In Adolph v. Uber Technologies, Inc., the Supreme Court today holds that mandatory arbitration of an employee’s individual claims against their employer doesn’t preclude the employee from pursuing in court a representative action under the Labor Code’s Private Attorneys General Act on behalf of similarly aggrieved employees. The decision is significant not only for the law stated, but also because the court disagrees with a recent opinion of the U.S. Supreme Court.

The high court in Viking River Cruises, Inc. v. Moriana (2022) 213 L.Ed.2d 179 [142 S.Ct. 1906] disapproved the California court’s decision in Iskanian v. CLS Transportation Los Angeles, LLC (2014) 59 Cal.4th 348, cert. denied, CLS Transp. Los Angeles, LLC v. Iskanian (2015) 574 U.S. 1121, to the extent it had held a PAGA plaintiff couldn’t be compelled to arbitrate even the plaintiff’s individual claims. The Viking River majority also concluded, however, that arbitration of the individual claims required dismissal of the representative claims because “PAGA provides no mechanism to enable a court to adjudicate non-individual PAGA claims once an individual claim has been committed to a separate proceeding.” (Viking River, supra, 142 S.Ct. at p. 1925.)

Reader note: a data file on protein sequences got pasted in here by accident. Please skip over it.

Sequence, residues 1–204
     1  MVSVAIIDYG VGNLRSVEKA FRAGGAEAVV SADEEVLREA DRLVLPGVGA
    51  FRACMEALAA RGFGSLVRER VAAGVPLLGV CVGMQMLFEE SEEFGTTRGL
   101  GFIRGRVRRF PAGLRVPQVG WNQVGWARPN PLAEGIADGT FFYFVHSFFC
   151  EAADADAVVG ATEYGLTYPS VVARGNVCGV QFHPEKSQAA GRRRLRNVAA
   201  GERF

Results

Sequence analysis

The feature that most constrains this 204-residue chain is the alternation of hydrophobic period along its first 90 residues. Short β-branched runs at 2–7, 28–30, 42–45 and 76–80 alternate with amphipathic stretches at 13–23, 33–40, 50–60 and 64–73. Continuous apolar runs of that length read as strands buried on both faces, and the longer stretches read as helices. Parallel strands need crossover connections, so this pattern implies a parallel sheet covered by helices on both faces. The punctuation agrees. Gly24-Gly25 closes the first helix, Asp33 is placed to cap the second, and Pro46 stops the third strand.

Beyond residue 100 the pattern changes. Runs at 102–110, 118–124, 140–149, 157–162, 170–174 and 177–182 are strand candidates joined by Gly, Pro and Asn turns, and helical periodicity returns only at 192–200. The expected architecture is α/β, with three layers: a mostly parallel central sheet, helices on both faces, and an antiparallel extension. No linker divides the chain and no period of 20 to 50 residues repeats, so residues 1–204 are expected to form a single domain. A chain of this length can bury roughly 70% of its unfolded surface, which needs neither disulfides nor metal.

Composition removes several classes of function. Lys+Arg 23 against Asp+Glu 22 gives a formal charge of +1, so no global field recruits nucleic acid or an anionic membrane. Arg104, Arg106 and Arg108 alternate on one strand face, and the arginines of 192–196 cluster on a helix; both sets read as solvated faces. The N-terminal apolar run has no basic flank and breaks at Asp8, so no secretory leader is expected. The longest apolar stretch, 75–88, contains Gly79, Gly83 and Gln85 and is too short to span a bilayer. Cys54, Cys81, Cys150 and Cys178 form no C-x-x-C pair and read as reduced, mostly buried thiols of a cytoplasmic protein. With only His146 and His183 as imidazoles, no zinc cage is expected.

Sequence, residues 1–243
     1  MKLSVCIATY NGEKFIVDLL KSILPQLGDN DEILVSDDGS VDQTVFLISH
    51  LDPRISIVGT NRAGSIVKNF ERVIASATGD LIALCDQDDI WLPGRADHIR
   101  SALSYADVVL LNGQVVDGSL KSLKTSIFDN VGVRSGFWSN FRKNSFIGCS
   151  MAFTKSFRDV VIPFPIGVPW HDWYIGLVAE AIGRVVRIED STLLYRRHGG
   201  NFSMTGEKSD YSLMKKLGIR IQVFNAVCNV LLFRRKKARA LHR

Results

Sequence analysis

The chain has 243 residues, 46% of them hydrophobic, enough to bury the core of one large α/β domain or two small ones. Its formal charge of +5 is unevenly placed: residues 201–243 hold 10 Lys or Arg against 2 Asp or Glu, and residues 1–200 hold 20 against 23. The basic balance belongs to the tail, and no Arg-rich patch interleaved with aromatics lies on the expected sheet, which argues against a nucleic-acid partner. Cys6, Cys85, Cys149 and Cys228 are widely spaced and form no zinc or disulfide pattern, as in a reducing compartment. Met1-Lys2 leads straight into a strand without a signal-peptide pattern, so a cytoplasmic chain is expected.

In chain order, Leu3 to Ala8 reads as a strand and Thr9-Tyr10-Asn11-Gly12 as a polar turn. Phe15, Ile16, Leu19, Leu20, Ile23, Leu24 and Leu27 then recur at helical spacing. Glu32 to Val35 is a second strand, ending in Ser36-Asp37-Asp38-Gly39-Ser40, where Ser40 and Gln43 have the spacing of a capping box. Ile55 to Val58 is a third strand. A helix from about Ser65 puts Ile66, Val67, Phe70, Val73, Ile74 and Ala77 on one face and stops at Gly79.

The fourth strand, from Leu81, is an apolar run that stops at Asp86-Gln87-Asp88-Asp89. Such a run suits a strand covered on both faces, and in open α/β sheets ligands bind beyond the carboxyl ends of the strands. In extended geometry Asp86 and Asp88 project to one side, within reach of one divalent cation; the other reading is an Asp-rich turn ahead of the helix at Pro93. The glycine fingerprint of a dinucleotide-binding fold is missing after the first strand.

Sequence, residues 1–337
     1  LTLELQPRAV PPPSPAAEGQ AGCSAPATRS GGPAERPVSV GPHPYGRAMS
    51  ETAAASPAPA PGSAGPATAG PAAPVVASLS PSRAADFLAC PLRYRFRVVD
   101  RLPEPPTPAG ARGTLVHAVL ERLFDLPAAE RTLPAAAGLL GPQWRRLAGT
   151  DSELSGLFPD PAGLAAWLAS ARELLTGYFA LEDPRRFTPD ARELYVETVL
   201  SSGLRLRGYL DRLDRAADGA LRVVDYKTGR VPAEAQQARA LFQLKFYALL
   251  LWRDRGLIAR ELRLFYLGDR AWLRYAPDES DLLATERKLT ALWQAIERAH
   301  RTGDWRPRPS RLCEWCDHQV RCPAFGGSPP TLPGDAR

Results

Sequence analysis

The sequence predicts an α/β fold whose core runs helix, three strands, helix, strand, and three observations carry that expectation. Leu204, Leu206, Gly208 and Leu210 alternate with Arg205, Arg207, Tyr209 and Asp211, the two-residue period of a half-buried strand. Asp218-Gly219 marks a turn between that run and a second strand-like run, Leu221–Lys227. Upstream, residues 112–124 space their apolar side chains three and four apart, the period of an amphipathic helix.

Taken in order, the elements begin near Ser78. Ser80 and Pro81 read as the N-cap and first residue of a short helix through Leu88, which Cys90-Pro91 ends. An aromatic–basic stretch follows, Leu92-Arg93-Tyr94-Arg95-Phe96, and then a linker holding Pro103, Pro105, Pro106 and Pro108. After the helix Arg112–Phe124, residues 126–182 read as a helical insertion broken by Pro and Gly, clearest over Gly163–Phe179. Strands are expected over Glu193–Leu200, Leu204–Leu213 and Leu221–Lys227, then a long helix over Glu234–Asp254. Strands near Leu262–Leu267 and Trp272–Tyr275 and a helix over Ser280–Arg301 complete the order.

The court’s unanimous opinion by Justice Goodwin Liu says the latter holding is wrong. And the court concludes it has the authority to make that decision: “Because ‘[t]he highest court of each State . . . remains “the final arbiter of what is state law” ’ [citation], we are not bound by the high court’s interpretation of California law” and “although the high court’s interpretations may serve as persuasive authority in cases involving a parallel federal constitutional provision or statutory scheme [citations], Viking River does not interpret any federal provision or statute similar to PAGA.”

The court reverses the Fourth District, Division Three, Court of Appeal unpublished opinion, but that’s because the opinion, filed before Viking River was decided, affirmed superior court orders including an injunction to prevent from proceeding the arbitration of the employee’s individual claims.


Throwing shade at SCOTUS?